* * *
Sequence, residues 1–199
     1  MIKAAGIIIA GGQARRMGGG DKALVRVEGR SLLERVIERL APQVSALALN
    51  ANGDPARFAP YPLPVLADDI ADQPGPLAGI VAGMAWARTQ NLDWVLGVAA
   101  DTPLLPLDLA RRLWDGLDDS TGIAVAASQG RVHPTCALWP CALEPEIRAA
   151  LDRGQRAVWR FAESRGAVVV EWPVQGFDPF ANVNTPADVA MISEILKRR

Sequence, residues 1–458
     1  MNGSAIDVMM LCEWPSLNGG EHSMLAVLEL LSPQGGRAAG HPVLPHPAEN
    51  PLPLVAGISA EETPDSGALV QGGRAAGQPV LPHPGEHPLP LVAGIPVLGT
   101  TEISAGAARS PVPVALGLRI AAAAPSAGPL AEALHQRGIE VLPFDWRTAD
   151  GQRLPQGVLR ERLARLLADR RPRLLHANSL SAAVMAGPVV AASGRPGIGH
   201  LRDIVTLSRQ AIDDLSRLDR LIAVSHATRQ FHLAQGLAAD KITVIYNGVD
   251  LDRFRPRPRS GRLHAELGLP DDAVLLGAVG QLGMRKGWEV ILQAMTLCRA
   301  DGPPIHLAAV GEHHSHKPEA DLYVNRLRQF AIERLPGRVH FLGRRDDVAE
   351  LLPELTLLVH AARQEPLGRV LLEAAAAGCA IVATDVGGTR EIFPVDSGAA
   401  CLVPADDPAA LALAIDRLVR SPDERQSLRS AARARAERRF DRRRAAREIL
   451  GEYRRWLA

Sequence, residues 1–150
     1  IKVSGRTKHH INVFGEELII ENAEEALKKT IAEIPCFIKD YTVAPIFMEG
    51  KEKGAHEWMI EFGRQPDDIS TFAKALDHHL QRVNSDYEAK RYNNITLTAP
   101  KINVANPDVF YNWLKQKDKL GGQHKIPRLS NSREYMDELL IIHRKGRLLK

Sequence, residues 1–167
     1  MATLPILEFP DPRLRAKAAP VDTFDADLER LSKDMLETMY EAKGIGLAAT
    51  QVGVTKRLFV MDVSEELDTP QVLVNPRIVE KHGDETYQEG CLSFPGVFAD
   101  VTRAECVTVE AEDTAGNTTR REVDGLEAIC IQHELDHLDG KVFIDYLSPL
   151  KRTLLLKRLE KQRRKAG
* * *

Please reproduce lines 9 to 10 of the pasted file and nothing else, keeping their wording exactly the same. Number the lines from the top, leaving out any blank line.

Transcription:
   101  TEISAGAARS PVPVALGLRI AAAAPSAGPL AEALHQRGIE VLPFDWRTAD
   151  GQRLPQGVLR ERLARLLADR RPRLLHANSL SAAVMAGPVV AASGRPGIGH